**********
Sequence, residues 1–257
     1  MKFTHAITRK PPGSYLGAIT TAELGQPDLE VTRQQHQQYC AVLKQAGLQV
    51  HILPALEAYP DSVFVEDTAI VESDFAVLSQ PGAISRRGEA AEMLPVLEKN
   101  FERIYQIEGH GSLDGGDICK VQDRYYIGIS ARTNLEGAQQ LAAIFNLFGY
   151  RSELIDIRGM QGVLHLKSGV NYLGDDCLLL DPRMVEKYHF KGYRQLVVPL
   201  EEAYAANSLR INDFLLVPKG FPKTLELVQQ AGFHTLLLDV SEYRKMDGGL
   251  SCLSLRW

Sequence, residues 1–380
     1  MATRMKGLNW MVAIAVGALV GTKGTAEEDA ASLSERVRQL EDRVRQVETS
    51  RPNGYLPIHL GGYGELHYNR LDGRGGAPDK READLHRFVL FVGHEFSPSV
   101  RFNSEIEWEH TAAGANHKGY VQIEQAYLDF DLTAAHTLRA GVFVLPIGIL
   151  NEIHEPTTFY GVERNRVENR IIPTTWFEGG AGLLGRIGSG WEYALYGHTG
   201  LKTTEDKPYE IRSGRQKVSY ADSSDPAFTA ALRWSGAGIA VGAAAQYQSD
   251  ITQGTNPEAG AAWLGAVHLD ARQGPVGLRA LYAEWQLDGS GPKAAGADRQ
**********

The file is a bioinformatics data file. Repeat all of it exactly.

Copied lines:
Sequence, residues 1–257
     1  MKFTHAITRK PPGSYLGAIT TAELGQPDLE VTRQQHQQYC AVLKQAGLQV
    51  HILPALEAYP DSVFVEDTAI VESDFAVLSQ PGAISRRGEA AEMLPVLEKN
   101  FERIYQIEGH GSLDGGDICK VQDRYYIGIS ARTNLEGAQQ LAAIFNLFGY
   151  RSELIDIRGM QGVLHLKSGV NYLGDDCLLL DPRMVEKYHF KGYRQLVVPL
   201  EEAYAANSLR INDFLLVPKG FPKTLELVQQ AGFHTLLLDV SEYRKMDGGL
   251  SCLSLRW

Sequence, residues 1–380
     1  MATRMKGLNW MVAIAVGALV GTKGTAEEDA ASLSERVRQL EDRVRQVETS
    51  RPNGYLPIHL GGYGELHYNR LDGRGGAPDK READLHRFVL FVGHEFSPSV
   101  RFNSEIEWEH TAAGANHKGY VQIEQAYLDF DLTAAHTLRA GVFVLPIGIL
   151  NEIHEPTTFY GVERNRVENR IIPTTWFEGG AGLLGRIGSG WEYALYGHTG
   201  LKTTEDKPYE IRSGRQKVSY ADSSDPAFTA ALRWSGAGIA VGAAAQYQSD
   251  ITQGTNPEAG AAWLGAVHLD ARQGPVGLRA LYAEWQLDGS GPKAAGADRQ